White House To Release Report on Disasters
Thursday, February 23, 2006
The White House is scheduled to release a report today calling for the military to be more closely involved in handling large natural disasters as part of a plan to improve the government's emergency response operations, which were exposed as fatally flawed after Hurricane Katrina.
President Bush ordered the report after harsh criticism of the government's sluggish response to the disaster, which killed more than 1,300 people and devastated much of the Gulf Coast region.
The report, overseen by White House homeland security adviser Frances Fragos Townsend, is also expected to call for strengthening mandatory evacuation policies and ensuring that the Federal Emergency Management Agency works more closely with governors and other local officials, according to previews of the document offered by administration officials.
In all, the report will make 125 recommendations for improving the nation's emergency response functions, White House spokesman Scott McClellan said. Bush is expected to discuss the findings with his Cabinet this morning.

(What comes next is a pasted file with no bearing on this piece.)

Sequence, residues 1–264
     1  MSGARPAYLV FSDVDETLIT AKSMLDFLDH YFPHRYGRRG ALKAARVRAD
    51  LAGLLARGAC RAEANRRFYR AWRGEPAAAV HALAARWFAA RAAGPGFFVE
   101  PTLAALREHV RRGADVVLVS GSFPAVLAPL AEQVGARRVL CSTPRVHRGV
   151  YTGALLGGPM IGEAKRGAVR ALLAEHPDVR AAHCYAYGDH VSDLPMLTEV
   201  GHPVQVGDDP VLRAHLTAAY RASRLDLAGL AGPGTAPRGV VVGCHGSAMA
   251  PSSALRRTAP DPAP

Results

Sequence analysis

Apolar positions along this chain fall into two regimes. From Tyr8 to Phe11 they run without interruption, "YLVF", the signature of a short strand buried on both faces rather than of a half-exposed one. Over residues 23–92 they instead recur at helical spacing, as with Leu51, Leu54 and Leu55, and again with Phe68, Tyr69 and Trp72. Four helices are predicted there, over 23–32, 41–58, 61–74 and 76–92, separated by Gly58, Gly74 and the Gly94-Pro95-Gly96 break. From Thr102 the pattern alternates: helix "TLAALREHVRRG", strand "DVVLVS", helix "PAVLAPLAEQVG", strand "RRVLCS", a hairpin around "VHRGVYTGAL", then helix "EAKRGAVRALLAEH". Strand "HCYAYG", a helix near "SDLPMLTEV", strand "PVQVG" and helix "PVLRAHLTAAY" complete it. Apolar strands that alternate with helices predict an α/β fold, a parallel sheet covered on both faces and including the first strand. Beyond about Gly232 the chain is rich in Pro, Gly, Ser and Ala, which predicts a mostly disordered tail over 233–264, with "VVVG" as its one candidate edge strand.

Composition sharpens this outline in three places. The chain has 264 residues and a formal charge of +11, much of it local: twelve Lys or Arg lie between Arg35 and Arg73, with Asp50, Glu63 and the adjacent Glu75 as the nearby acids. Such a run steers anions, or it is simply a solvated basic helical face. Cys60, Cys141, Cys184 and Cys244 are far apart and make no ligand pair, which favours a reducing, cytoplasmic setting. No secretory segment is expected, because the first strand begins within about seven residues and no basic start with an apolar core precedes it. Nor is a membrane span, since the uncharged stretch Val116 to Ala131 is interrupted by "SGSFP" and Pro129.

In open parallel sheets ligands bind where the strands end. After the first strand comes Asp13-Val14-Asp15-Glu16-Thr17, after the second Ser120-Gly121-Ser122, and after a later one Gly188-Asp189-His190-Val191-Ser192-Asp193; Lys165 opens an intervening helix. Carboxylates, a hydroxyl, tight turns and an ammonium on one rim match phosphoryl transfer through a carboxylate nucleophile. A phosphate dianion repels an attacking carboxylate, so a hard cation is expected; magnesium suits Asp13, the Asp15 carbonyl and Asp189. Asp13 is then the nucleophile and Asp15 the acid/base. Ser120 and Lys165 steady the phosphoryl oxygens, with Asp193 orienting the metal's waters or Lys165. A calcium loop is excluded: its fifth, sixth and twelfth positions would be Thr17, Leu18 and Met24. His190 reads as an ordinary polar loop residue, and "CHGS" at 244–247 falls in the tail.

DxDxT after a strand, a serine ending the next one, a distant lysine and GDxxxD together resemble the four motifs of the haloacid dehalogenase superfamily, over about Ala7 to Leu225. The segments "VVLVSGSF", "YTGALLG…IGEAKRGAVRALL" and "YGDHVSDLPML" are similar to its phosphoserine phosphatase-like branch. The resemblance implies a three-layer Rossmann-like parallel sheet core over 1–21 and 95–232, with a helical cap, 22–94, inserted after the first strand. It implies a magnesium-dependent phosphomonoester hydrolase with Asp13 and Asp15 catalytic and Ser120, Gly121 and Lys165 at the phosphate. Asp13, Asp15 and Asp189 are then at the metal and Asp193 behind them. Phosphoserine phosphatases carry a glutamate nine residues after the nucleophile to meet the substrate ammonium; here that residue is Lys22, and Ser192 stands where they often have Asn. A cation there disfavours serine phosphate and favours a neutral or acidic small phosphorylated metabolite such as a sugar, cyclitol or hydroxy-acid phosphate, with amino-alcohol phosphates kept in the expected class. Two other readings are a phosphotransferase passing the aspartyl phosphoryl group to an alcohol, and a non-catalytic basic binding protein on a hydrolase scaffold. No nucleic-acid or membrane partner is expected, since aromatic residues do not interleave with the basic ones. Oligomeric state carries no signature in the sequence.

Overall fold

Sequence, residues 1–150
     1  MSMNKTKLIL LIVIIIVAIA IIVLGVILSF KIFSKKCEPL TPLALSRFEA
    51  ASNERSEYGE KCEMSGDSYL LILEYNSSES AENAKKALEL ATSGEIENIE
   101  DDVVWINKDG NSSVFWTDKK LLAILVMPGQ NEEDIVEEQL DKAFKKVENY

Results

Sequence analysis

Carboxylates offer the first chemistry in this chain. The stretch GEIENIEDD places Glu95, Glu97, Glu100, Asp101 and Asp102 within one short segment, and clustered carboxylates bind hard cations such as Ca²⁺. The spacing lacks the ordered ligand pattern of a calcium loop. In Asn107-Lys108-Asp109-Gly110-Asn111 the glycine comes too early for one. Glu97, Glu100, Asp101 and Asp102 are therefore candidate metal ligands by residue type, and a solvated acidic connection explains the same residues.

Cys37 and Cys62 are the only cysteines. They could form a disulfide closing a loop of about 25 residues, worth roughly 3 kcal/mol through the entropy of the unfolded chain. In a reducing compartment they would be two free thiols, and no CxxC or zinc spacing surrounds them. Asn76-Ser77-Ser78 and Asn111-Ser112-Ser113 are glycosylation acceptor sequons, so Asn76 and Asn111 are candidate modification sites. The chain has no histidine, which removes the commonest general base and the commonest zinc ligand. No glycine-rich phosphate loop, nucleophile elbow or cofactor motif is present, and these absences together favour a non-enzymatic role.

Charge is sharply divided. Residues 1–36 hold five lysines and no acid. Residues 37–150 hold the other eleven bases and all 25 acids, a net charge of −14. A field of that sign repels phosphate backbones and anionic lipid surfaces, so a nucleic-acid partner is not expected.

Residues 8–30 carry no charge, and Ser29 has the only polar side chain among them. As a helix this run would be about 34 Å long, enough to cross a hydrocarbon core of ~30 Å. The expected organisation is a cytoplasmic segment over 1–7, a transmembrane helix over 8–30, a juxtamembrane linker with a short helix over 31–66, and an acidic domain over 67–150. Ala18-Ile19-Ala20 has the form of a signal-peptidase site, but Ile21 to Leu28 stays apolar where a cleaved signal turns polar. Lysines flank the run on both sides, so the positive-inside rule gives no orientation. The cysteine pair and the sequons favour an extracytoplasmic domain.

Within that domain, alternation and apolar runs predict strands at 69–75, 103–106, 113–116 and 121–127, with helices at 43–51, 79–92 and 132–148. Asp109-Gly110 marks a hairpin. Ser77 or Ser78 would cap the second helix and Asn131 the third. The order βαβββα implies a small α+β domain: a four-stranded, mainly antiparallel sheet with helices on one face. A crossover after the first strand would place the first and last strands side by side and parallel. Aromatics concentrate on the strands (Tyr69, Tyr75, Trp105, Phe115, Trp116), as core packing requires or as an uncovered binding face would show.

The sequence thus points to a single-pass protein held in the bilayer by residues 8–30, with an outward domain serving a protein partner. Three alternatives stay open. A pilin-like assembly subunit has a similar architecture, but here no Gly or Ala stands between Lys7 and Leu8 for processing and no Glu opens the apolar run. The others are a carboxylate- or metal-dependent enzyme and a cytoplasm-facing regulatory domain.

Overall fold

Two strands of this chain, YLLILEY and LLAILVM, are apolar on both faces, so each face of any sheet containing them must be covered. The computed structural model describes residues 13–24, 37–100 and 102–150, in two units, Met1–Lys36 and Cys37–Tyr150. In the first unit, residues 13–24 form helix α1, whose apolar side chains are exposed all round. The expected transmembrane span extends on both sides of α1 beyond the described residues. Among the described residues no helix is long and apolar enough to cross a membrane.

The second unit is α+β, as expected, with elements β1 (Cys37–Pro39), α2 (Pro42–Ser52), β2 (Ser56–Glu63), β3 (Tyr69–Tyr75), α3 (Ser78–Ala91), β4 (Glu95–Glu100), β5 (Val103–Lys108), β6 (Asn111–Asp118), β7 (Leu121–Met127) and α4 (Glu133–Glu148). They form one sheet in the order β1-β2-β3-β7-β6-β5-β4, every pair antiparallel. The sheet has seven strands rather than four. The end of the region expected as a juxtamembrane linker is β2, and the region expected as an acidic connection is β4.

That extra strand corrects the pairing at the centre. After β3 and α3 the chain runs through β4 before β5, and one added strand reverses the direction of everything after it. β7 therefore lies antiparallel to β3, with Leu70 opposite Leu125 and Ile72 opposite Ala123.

James Jay Carafano, a homeland security expert at the Heritage Foundation who has seen parts of the document, said it also calls for improved training and equipping of the National Guard to respond to domestic disasters.
The report comes one week after the release of a scathing House report by Republican lawmakers that called for restructuring the nation's disaster response system. The report found that leaders from Bush down missed clear warnings of the unfolding calamity and did not activate emergency procedures or share information that could have saved lives.
The Senate is expected to release its own report on Katrina in coming weeks.
"What we want to do is take a close look at what worked and what didn't work and apply those lessons," McClellan said.